This study investigated the effect of phase-1 tilt and phase-2 leading-edge voltage on external defibrillation efficacy with a 60-μF capacitor for phase 1 and either a 60- or 20-μF capacitor for phase 2. It appears that larger phase-1 tilts, at least up to 70%, were more efficacious than the smaller tilts of 30% and 50%. The relationship of phase-2 leading-edge voltage to defibrillation efficacy appeared more complex and depended on phase-2 capacitance. When the same capacitance was used for both phases (60-μF), a lower phase-2 leading-edge voltage (0.5 V1) appeared to be the most efficient. However, when a smaller phase-2 capacitance of 20 μF was used, a higher phase-2 leading-edge voltage appeared to be best. In addition, the results confirmed that the charge-burping model can predict the optimal biphasic waveform for external defibrillation.
Residual Membrane Voltage
Recently, a quantitative charge-burping model has been proposed.6 In this model, the optimal phase 1 of the biphasic waveform should be identical to the optimal monophasic waveform, while the optimal phase 2 discharges the residual charges left on the cell membranes by phase 1.6 A study by Swerdlow et al7 supported this model by demonstrating that the optimal ratio of phase-1 pulse width to phase-2 pulse width depended on the relationship between the time constant of the shocking system and the time constant of myocardial cell membranes. This result was predicted by the charge-burping model. In this study, we calculated the membrane response curves in each waveform using the same charge-burping model.6 There was a significant correlation between the absolute residual membrane voltage at the end of phase 2 and the E50 of delivered energy in both groups (Figure 4⇑ and 6⇑). This result suggests that minimizing the residual membrane voltage at the end of phase 2 as calculated by the charge-burping model correlates with the optimal phase 2 for generating the lowest delivered energy. The original charge-burping model postulated that biphasic waveforms may have little advantage over monophasic ones for external defibrillation.6 This hypothesis was based on the concept that internal defibrillation creates large voltage gradients in the heart, especially near the shocking electrodes, whereas external defibrillation would create relatively homogeneous voltage gradients within the heart. A few early experimental studies20 21 supported this hypothesis. Recent external defibrillation studies,3 4 5 however, have found that biphasic waveforms do indeed improve defibrillation efficacy. Furthermore, our study suggests that the charge-burping model reasonably predicted the defibrillation efficacy of a particular phase-1 waveform in combination with various phase-2 pulses. Thus, it would appear that discharging the residual membrane voltage at the end of phase 1 may still be important even with external defibrillation.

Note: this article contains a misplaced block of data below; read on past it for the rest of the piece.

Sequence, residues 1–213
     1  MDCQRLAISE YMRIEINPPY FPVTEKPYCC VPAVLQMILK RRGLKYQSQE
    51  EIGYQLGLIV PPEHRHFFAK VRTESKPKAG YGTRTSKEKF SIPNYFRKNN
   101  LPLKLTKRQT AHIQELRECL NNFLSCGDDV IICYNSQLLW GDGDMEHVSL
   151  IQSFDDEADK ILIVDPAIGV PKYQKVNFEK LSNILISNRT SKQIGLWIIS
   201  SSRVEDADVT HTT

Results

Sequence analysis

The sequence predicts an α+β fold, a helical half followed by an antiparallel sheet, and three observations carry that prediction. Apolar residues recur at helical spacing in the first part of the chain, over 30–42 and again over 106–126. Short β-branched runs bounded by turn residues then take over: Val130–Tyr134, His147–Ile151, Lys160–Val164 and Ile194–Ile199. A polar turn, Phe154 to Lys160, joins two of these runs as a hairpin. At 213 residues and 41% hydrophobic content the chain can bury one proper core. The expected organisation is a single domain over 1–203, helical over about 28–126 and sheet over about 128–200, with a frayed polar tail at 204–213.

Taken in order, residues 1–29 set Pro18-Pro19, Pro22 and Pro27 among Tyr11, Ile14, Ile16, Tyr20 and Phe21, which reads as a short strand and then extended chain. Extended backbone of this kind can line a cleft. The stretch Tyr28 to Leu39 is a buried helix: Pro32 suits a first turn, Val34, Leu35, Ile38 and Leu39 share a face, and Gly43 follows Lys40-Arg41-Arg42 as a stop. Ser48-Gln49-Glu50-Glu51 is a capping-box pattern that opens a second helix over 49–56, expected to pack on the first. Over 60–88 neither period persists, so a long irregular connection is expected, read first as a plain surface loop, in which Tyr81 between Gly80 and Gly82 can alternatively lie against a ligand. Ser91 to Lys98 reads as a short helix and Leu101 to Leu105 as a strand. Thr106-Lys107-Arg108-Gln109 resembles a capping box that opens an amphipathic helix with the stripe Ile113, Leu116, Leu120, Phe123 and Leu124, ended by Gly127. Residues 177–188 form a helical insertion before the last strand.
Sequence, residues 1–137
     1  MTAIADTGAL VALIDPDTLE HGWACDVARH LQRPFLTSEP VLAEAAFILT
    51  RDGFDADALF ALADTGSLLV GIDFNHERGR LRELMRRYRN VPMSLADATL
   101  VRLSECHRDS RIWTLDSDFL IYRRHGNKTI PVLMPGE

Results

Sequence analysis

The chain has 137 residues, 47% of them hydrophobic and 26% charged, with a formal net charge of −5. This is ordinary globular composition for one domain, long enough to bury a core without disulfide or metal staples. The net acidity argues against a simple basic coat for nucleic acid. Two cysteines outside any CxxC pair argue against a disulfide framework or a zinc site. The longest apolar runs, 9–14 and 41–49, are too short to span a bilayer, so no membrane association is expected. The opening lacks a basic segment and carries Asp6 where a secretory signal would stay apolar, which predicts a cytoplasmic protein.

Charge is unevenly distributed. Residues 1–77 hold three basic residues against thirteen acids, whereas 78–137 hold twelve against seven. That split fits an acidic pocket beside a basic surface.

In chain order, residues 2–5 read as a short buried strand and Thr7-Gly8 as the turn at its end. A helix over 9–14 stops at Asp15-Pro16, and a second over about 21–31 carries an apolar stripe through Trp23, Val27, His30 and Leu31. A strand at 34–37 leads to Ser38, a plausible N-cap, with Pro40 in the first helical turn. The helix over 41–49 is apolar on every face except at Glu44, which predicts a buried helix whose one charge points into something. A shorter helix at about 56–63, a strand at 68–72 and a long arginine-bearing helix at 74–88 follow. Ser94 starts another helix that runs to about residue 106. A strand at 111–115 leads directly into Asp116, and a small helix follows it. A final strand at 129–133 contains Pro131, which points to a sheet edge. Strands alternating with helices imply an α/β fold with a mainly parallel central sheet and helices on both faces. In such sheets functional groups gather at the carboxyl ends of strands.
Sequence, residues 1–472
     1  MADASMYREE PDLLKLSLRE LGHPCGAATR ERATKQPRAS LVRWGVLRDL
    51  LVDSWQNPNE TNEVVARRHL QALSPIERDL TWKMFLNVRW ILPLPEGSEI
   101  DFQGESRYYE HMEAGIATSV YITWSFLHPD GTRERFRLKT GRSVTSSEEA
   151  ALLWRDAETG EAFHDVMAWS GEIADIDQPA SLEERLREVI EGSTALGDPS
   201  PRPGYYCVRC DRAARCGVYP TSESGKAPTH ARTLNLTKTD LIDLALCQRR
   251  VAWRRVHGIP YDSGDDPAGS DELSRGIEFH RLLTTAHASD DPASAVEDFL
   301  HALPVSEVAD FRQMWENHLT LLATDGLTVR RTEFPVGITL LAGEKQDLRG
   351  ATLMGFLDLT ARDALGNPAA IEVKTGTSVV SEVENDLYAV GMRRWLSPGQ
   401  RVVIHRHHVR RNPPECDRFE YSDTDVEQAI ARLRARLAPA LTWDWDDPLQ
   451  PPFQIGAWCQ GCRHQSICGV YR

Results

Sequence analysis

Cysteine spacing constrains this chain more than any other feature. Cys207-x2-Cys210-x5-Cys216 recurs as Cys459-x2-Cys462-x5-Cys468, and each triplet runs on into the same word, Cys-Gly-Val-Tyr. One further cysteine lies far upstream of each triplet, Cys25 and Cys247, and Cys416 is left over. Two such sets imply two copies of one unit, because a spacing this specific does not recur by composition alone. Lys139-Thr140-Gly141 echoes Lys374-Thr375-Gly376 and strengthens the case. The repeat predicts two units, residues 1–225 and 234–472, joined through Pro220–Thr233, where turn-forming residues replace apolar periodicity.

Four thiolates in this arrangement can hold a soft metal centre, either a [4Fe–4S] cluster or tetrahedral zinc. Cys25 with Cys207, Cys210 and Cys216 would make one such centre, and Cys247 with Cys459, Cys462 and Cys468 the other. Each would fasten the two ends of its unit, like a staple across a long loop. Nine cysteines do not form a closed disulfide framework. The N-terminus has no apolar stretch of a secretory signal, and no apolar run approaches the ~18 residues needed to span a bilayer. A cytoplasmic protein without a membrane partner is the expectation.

Phase-2 Leading-Edge Voltage
One recent internal defibrillation study22 compared defibrillation efficacy among 3 biphasic waveforms with equal phase-1 tilt at 65% but shorter phase-2 pulse width or smaller phase-2 leading-edge voltage. Defibrillation energy requirements were significantly increased for the waveform with a smaller phase-2 leading-edge voltage, whereas a short phase-2 pulse width did not influence defibrillation efficacy. This result suggested that the amplitude of phase-2 leading-edge voltage may be a more critical determinant than the phase-2 pulse width for defibrillation success of biphasic waveforms in humans.22
Although the 0.5 V1 phase-2 leading-edge voltage always had the lowest DFT in the 60/60-μF shocks (group 1), this relationship did not persist in the 60/20-μF waveforms (group 2). For the optimal phase-1 tilts in group 2, the best phase-2 leading-edge voltages were higher in the 1.0 to 1.5 V1 range. Thus, when smaller phase-2 capacitors are used, the optimal phase-2 leading-edge voltage is higher than those waveforms when the same phase-1 and phase-2 capacitors are used.
The characteristics of the defibrillation waveform in this study depended on shock impedance. The typical patient impedance for external shock is 60 to 80 Ω,3 5 23 but the shock impedance in our study was ≈40 Ω. Although the optimal phase-1 tilt value is 70% with a phase-1 pulse width of 3.0 ms in this study, this phase-1 pulse width will be longer in a clinical setting because of the higher impedance. Thus, these results may need to be verified in humans because of this difference impedance.